Hotel Insecurity

We haven’t looked at the sorry state of hotel security for a while, but we have done articles on hotel locks, and hotel business center computers before.  The Naked Security blog recently published a story about the Russian hacker collective known as Fancy Bear, and their involvement in the use of the leaked NSA exploit Eternal Blue to launch Advance Persistent Threat (APT) attacks against hotels.  So far, this attack has been seen only in European hotels, but I am certain that we will see this spread to the Unites States (and the rest of the world) in due time.

This attack is usually launched with an email containing an infected Word document attachment, and is designed to stay hidden.  The probable targets are high-value guests travelling for governmental or business reasons.  Connecting to the hotel guest wireless or Ethernet connection will make you a potential victim of this exploit.

The way to stay safe is to do something that I find myself doing more frequently – BYOW or bring your own Wi-Fi.  When given the choice between an unsecured but free public Internet connection, and my metered but secure Wifi from my smartphone, I go smartphone all the time.

Another good solution is to use a VPN any time you connect to any network that is not your home network or your business network.  And considering the way APTs are showing up at home and the office, maybe you should use your VPN all the time.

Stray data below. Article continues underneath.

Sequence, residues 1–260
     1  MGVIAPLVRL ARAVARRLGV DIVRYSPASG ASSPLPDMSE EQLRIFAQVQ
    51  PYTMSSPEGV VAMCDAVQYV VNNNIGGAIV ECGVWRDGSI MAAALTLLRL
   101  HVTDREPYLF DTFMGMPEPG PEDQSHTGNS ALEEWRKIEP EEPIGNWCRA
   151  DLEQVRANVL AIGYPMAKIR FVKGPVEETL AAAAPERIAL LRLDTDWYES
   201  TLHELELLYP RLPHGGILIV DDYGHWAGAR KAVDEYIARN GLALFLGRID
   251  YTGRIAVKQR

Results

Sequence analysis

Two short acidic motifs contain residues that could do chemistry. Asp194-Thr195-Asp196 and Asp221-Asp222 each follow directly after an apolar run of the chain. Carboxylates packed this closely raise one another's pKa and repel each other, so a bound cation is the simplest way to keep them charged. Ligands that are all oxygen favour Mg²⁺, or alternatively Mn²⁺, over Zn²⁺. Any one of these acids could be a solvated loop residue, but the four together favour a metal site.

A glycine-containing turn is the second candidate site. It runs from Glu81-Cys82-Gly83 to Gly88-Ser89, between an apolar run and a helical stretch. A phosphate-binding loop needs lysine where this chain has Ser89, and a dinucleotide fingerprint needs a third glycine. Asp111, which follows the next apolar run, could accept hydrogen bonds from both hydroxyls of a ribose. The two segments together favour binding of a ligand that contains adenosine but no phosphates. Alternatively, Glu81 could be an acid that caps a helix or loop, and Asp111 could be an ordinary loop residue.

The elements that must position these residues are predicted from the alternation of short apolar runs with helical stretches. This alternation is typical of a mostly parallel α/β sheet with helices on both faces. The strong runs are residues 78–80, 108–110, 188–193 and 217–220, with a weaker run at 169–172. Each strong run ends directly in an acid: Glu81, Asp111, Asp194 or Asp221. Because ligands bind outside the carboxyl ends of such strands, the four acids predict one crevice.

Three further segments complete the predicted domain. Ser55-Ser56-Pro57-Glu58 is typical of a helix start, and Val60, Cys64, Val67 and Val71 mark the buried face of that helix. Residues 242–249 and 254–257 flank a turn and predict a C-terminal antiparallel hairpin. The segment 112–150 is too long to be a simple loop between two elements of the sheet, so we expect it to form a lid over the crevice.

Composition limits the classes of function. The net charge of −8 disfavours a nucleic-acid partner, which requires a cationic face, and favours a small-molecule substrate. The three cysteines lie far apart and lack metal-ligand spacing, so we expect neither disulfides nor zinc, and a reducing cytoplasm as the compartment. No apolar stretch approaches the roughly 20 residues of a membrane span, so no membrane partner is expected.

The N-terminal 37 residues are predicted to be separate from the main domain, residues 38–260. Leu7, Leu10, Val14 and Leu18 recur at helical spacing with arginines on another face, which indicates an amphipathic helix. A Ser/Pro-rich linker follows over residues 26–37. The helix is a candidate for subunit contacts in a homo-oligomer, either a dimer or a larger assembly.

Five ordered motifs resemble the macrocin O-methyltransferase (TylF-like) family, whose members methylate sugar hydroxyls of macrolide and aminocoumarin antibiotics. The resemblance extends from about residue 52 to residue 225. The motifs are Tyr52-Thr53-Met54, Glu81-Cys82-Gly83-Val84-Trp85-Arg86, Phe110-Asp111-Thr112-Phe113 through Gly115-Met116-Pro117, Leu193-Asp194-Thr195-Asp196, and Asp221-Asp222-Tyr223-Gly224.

I might as well give another plug to Rubica, the personal cybersecurity service I wrote about on August 16th.  The VPN proxy service at the core of their offering, coupled with the machine learning and human cybersecurity operatives, will keep you out of harm’s way.

So basically, you can’t trust hotel door locks, the business center computer has more infections than the hotel whirlpool, and the guest network has probably been compromised.  Have fun on your next trip!!  And yes, I do travel for business and pleasure.  I never leave anything in the room that I can’t live without, and I do not use the provided guest Internet service any more.


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About the Author:

Cybersecurity guru to business owners in the St Paul, Minneapolis, and western Wisconsin area. Computer security and hacking have been a passion of mine since I entered the computer and networking business in 2000. In 2013 I completed a course of study and certification exam to become a Certified Ethical Hacker (CEH). In 2016 I was certified as a Certified Information Systems Security Professional (CISSP). As Senior Cybersecurity Engineer at Computer Integration Technologies, I help our clients experience high levels of computer security, network security, and web site security. In addition to consulting on security products and services, we also conduct security audits, vulnerability assessments and full penetration tests. We also provide Cybersecurity Awareness Training for clients and their employees. We also work with companies and organizations that need to certify compliance with regulations such as PCI-DSS (credit card processing), HIPAA/HITECH (medical records), and GLBA. The views expressed on this Web site are mine alone and do not necessarily represent the views of my employer.

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